Habitat & Conservation  |  11/20/2023

Multi-agency Partnership Receives Grant Dollars for Habitat Work in Missouri and Iowa


Pheasants Forever and Quail Forever will help restore thousands of acres of tallgrass prairie

During a visit to Iowa yesterday, secretary of interior Deb Haaland announced the recipients of a number conservation-oriented grants. Among the successful bids was a partnership including Pheasants Forever and Quail Forever, focused on restoring grasslands in Iowa and Missouri. 

Partners in the endeavor include the Missouri Department of Conservation, the Iowa Department of Natural Resources, The Nature Conservancy, Missouri Prairie Foundation and Drake University/Jay N. Darling Institute for Rural Sustainability. The group will focus on conserving, restoring and reconnecting Missouri and Iowa’s native grasslands through collaborative habitat management on both public and private lands — such as prescribed fire, invasive species control and grazing. 

"The Missouri/Iowa partnership is extremely grateful for this grant award,” said Nate Muenks, the natural resource planning section chief for the Missouri Department of Conservation. “Funding this collaborative project is an excellent and appreciated step in recognition of the need for additional resource investment, leading to conservation and restoration actions that improve the health of native grasslands.”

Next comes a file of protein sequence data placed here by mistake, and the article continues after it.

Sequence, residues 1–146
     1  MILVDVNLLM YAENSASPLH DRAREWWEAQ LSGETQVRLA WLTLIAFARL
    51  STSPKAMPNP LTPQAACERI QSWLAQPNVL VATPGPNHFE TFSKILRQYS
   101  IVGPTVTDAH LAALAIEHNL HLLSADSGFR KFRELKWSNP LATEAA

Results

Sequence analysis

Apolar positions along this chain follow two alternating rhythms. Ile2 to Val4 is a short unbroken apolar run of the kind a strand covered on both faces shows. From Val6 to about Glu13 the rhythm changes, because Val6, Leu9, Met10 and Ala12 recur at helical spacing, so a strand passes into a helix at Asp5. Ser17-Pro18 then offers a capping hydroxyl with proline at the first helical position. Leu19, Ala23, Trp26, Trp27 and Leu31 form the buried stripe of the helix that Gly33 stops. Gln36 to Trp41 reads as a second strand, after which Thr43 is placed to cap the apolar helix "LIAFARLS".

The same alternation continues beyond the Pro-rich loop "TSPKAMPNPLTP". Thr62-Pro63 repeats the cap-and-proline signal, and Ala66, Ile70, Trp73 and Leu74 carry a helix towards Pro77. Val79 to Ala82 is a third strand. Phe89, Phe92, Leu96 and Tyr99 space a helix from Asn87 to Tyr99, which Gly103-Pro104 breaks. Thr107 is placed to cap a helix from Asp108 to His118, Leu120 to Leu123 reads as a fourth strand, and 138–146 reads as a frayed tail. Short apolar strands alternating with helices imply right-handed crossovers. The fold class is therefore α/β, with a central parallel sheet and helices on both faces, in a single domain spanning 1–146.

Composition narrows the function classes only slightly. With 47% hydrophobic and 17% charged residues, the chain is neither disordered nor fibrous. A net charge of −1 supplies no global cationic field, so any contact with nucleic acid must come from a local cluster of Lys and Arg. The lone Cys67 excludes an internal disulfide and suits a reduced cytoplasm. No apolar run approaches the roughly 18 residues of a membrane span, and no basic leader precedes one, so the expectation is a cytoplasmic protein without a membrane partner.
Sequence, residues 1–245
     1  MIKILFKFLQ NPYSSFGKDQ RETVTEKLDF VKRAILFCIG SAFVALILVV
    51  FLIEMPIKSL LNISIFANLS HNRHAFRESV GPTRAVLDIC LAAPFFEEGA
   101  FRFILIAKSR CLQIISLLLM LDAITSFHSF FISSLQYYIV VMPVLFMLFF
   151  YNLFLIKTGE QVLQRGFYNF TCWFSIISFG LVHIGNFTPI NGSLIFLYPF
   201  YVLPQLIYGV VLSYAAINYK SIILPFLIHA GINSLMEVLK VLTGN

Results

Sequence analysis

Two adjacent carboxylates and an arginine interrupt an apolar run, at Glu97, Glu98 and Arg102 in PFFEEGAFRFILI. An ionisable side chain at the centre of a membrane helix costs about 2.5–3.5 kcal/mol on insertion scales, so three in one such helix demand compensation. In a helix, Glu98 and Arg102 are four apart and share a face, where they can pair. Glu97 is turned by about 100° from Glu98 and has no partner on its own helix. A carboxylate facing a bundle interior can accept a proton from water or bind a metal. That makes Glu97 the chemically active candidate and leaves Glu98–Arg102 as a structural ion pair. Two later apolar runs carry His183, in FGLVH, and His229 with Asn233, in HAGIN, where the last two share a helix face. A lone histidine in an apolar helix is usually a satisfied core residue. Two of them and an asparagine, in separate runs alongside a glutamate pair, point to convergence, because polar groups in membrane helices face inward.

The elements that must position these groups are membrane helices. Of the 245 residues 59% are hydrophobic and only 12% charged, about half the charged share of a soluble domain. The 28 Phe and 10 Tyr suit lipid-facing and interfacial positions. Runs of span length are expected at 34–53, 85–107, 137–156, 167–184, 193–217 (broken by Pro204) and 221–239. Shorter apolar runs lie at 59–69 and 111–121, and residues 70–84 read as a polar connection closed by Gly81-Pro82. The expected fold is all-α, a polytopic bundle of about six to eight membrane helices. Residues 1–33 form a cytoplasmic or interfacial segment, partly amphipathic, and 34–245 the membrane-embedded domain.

The Tallgrass Prairie Ecosystem transcends state lines, and its conservation requires a multi-state effort with shared methodologies. This proposal will directly benefit at-risk species by managing, restoring and protecting quality native habitat that support the needs of grassland-dependent species. 

As part of the four-year project, Pheasants Forever and Quail Forever will provide a full time, five-person habitat strike team based in southwest Missouri. The team will apply multiple treatments on 4,000 acres of native grasslands annually through prescribed burning, woody species control and invasive species eradication, as well as via the reestablishment and seeding of native grasses and forbs. The organization will also provide one habitat strike team coordinator, who will serve as the contact for this and similar strike teams that are in process across Missouri. 

“Collaboration is at the heart of conservation, and this partnership is a prime example of excellent teamwork,” said Andrew White, Pheasants Forever and Quail Forever’s Missouri state coordinator. “Our prairie ecosystems are disappearing faster than ever, but through this grant we have an opportunity to make a big impact in Missouri and Iowa over the next few years.”